Please note, that these are pieces of a strategy, but they do not constitute a full PR plan. We’ll be going over that in another blog post, but if you need help figuring out your public relations strategy, don’t hesitate to contact us.


Evolve Communications Barrels into New Year with Six New Clients


Evolve Communications Barrels into New Year with Six New Clients and One Returning Client

PR Firm to Execute Creative Product Launches, Rebranding, and a Variety of Digital and Traditional Campaigns


Baltimore, Md. (March 31, 2014)—Evolve Communications, a Baltimore-based public relations and marketing firm that specializes in working with disruptive companies, is pleased to announce the expansion of their portfolio with six new clients for 2014.


The firm’s new clients include:


  • Gwee Global (gogwee.com) has retained Evolve Communications to launch their national line of hi-tech cleaning accessories for smart phones, and tablets.


  • CharmTV (tv25baltimore.com/), Baltimore City’s television station, has engaged Evolve Communications to implement a strategic public relations campaign for its rebrand as CharmTV from TV25.


  • Concourse Express (ConcourseExpress.com), innovators of the only courtesy car fleet management solution designed with dealers for dealers, has hired Evolve Communications to launch its new web-based, workflow-integrated loaner car solution, and build awareness of and demand for the Concourse Express solution among auto dealerships using both public relations and social media.


  • Capital Media Group (CapMedia.com), a media buying agency that focuses on quantitative results, has teamed up with Evolve to develop robust and informative blog content for their website.


  • OpiaTalk (OpiaTalk.com), a Baltimore-based ecommerce startup, has hired Evolve Communications to support their launch.


  • Grid Waste (gridwaste.com), an online waste remove procurement, management and payment system, has retained Evolve Communications to promote its platform in the DC metro region and to beyond.


  • The Rosen Group (AmericanMadeShow.com), producers of The American Made Show, has renewed their contract with Evolve Communications. Evolve will continue to provide media relations, social media implementation, as well as provide support for the upcoming tradeshow’s move to Washington, DC.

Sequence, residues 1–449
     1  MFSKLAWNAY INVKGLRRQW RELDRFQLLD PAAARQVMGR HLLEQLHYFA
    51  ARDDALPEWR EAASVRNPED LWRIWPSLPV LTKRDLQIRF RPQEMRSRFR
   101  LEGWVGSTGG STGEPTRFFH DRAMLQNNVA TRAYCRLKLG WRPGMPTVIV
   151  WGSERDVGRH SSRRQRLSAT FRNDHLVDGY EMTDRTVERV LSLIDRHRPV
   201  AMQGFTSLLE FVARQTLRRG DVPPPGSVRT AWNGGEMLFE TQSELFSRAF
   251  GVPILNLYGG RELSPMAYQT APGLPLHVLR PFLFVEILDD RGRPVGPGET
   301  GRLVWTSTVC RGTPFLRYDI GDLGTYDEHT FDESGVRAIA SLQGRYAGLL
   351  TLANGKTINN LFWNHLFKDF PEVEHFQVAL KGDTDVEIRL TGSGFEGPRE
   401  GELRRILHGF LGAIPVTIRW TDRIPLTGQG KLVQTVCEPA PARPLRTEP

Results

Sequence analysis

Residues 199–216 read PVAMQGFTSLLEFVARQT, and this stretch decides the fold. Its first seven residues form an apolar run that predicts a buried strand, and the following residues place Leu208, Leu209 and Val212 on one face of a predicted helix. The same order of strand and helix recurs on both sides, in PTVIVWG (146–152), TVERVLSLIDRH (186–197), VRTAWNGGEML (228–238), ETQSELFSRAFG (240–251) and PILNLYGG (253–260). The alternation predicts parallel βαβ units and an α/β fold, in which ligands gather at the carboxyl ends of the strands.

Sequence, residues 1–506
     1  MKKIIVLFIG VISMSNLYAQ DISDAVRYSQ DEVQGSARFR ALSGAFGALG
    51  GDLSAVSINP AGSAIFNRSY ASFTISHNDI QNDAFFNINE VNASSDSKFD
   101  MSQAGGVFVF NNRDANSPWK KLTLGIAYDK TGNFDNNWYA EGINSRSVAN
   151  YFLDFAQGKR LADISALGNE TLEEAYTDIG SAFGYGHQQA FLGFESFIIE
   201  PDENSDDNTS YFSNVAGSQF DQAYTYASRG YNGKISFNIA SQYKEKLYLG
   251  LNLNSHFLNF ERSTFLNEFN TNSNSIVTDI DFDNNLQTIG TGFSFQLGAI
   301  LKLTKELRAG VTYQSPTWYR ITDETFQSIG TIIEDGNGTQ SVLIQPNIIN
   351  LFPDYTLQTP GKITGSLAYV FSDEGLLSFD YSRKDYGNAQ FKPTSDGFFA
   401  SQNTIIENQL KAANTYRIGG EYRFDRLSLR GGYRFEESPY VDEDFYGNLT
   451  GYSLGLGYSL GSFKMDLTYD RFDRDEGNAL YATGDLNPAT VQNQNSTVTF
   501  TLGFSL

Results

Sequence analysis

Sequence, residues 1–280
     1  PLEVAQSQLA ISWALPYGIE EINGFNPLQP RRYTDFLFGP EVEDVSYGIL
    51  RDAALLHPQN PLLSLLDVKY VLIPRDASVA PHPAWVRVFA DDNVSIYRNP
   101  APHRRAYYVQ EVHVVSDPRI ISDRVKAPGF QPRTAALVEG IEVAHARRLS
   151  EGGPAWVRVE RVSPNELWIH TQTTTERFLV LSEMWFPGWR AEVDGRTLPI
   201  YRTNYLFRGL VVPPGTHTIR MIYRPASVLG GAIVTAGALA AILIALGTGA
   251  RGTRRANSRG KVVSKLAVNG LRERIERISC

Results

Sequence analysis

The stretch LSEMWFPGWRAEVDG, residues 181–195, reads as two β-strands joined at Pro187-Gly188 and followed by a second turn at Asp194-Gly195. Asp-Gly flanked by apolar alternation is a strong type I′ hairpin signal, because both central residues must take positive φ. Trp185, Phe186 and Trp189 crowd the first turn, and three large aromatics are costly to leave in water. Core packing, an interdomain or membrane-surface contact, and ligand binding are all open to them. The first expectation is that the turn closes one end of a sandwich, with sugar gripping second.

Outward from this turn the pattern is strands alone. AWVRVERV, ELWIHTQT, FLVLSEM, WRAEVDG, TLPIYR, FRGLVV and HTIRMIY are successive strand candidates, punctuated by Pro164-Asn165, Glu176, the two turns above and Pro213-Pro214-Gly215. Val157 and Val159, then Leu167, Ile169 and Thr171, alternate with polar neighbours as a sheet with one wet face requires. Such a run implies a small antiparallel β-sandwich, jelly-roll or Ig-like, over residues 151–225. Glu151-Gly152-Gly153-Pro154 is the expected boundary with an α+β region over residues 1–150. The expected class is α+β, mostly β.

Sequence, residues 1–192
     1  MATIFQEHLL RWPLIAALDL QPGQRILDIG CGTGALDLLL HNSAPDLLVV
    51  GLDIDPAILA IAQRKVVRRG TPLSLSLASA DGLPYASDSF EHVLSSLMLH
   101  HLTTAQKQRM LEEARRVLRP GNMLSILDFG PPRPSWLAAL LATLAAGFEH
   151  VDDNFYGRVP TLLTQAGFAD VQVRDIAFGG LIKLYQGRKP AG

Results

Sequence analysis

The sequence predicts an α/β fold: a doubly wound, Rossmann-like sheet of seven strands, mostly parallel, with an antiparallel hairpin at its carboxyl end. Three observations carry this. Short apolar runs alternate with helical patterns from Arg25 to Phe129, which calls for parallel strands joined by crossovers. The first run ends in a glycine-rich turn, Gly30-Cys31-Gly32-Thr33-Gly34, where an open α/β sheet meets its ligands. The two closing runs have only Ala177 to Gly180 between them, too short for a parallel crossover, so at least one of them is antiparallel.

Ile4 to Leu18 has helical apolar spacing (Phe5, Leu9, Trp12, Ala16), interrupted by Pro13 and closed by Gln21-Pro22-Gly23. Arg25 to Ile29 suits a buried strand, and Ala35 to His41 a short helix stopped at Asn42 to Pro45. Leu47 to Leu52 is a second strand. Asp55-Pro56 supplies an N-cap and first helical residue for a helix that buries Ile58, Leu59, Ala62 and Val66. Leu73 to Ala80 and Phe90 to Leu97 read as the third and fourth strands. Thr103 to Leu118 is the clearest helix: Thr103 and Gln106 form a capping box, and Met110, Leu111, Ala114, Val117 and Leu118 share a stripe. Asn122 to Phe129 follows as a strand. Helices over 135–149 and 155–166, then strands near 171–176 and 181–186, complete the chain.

“We are excited to have forged partnerships with such an amazing and diverse group of clients. It’s both exhilarating and humbling to be able to work on these projects that range from the local to the national,” states Daniel Waldman, President of Evolve Communications. “We have worked hard to get where we are over the last year and are very proud of the creative work we produce.”


Evolve Communications continues to explore new ways to help its clients deliver brand experiences by expanding its strategic offerings. Recently, the firm released Product Launches that Pack a PUNCH! to help startups better manage the product launch process is available as a free download at http://simplyevolve.com/launch. For more information on Evolve Communications, visit http://simplyevolve.com/


About Evolve Communications

Evolve Communications creates powerful, meaningful, and effective marketing and PR solutions that fits all types of budgets. Evolve has worked with businesses and organizations of all sizes–and at all stages. Evolve’s work and affordability has made it a choice partner for startups across the country, and in 2012 Evolve launched Rocket Packs for Startups to better serve this community. Rocket Packs for Startups are a set of low-cost marketing and PR packages designed for startups at all stages and levels, intended to give startups the lift they need—to get off the ground or to the next level.